The first time I ever saw The Woman in The Window it always struck me as odd. Here was the fellow who was known as a gangster through and through and yet he was playing a bookish professor buried in his work and obsessed about psychoanalytic theory. His idea for a fine time is conversing with his intellectual friends (Raymond Massey and Edmund Breon) at the Stork Club. He’s the epitome of middle-aged solidity and stodginess as he so aptly puts it.
But in confronting these very things, you realize Robinson might have enjoyed any opportunity to get away from what everybody seemed to peg him as — to exercise a certain amount of elasticity as an actor — to be the antithesis of his image. This is all mere conjecture, mind you, because as the story progresses, you realize the character is a bit mundane.
Regardless, veteran Hollywood screenwriter Nunnally Johnson spins a story of psychological intrigue as his first showcase for his newly founded production firm International Pictures. This Fritz Lang effort along with a handful of others would instigate the stylistic categorization of “film noir” by French critics in the post-war years. There’s little doubt it fits many of the fluid conventions of noir. Though overshadowed by the even more sinister Scarlet Street from the following year, it is a genre classic in its own right.
As alluded to already, it’s also steeped in psychology. In fact, it gets knee deep in it from the opening moments in such a fashion that we know it will remain all but integral for the entire run of the narrative. Professor Wanley is enraptured by an image, a portrait of a woman to be exact, and it elicits the same spell Gene Tierney would have in Preminger’s Laura (1944). But of course, it is the woman being animated for real that brings true life to the movie and it’s no different here.
This brings us to the part that’s actually the most gratifying and probably would have been the most enjoyable to play. That of the eponymous woman staring back through the window. Joan Bennet is positively bewitching and grouped with Scarlet Street (1945), it remains some of the defining work of her career, which is hardly something to be dismissive of.
As best as it can be described, she has a pair of those coaxing, inviting eyes. Bennett, to a degree, seems to play up her Hedy Lamarr appeal with jet black hair but her looks are her own as is the spellbinding performance and it works wonders starting with the man on the screen opposite her.
He foregoes a burlesque show to engage in some “light” after dinner reading of Song of Songs. Though he’s probably looking at it from a purely academic perspective, one can gather that between his psychological theories and the fairly explicit poeticism of his reading, he’s got quite the cocktail brewing in his mind.
He gives the portrait another look as he’s about to head home, as is his normal tendency. In this particular instance, the woman is present in the flesh and they share some complimentary words. That leads to drinks and then a venture to her apartment to wind down the evening perfectly innocently.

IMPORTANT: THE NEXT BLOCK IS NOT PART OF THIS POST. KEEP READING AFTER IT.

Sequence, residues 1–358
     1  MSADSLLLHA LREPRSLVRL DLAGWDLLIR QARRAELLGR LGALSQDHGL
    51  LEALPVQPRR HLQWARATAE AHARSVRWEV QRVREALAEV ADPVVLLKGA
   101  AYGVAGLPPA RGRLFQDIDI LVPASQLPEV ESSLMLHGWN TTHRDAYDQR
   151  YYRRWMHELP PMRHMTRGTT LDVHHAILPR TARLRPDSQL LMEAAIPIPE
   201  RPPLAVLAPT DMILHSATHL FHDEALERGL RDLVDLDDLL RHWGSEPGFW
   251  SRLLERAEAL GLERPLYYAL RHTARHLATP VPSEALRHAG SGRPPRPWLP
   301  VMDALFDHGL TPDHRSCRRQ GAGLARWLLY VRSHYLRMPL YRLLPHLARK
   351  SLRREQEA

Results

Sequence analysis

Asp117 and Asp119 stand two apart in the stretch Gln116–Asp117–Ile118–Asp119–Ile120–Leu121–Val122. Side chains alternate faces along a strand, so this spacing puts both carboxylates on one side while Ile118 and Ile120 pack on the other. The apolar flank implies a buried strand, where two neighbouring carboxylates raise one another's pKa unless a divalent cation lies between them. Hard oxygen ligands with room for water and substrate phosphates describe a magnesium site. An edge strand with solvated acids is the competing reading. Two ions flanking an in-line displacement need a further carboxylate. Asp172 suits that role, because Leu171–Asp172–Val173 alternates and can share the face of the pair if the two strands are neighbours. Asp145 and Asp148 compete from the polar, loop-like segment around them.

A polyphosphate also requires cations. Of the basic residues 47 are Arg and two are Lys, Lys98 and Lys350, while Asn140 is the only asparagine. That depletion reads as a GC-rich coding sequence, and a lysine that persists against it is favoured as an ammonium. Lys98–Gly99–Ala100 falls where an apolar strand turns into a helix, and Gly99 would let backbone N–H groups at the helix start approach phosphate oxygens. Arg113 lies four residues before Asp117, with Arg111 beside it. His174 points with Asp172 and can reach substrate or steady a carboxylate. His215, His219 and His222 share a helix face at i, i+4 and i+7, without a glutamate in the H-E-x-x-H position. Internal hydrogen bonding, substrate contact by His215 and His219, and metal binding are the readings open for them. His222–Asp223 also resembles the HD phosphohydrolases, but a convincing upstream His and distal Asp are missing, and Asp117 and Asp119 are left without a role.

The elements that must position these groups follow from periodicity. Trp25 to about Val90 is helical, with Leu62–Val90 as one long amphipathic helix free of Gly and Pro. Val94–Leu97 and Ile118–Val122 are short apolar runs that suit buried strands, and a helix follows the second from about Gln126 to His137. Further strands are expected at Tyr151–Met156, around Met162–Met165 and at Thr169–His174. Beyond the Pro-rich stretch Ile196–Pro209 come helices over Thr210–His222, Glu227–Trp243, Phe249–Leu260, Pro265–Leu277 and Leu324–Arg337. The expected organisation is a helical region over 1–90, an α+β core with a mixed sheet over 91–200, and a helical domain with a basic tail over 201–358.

However, instantly his life is transformed into a living nightmare as they are interrupted by a scorned boyfriend with a horrid temper going at Richard who has no recourse but to strike his adversary down in a frantic attempt at preserving his own life. It was self-defense but the damage has been done and the results are not-so-conveniently lying on Ms. Reed’s carpet.
Even with these turn of events, the professor takes them in stride, systematically and semi-rationally coming to a decision that while risky just might be the most beneficial plan of action, at least in theory. There is much that needs to be done. He enlists Alice to clean up the crime scene by both getting rid of blood and incriminating fingerprints. Any evidence that would implicate either of them must be done away with methodically.
He puts it upon himself to dispose of the body, which is no small task as the dead man has a massive frame. It takes up a lot of space and causes him some grief. He gets rid of it but not without incurring a cut and a rash of poison ivy while also leaving behind some clues that indubitably will have a bearing on the case.
However, he also has the rare privilege of being so close to the district attorney and the head of the homicide department to see first hand how they’re getting on with the case. If anything it unnerves him more assuming he will soon incriminate himself with a minor slip of the tongue or worse yet be found out in his clandestine activities due to the thorough investigation underway.
Dan Duryea has a small-time role playing what he was best at, a sleazy enforcer looking for blackmail or any other dishonest way to make a buck. Thankfully his part would be expanded upon in Scarlet Street as he came back for a second helping. His career is composed of an interesting trajectory even earning him a few starring spots in his later efforts like Black Angel. He’s an underrated talent who made classic Hollywood and noir in particular that much more engaging. One could wager it’s Bennett and Duryea who really clean up shop as they would do again the following year.
To mollify the production codes, Fritz Lang settled with the ultimate cop-out ending. While it would normally disgruntle me, the sheer lunacy of it all and the fact the picture is so embroiled with themes of the human psyche makes it marginally okay. If anything, the fact there was a superior followup the next year takes the sting out of it. Still, there’s no downplaying that Woman in The Window was crucial in laying the groundwork of what we now consider film noir, complete with murder, femme fatales, fatalistic heroes, and shadowy extremes courtesy of cinematographer Milton Krasner. What’s not to love? It’s certainly worthy of a second dose.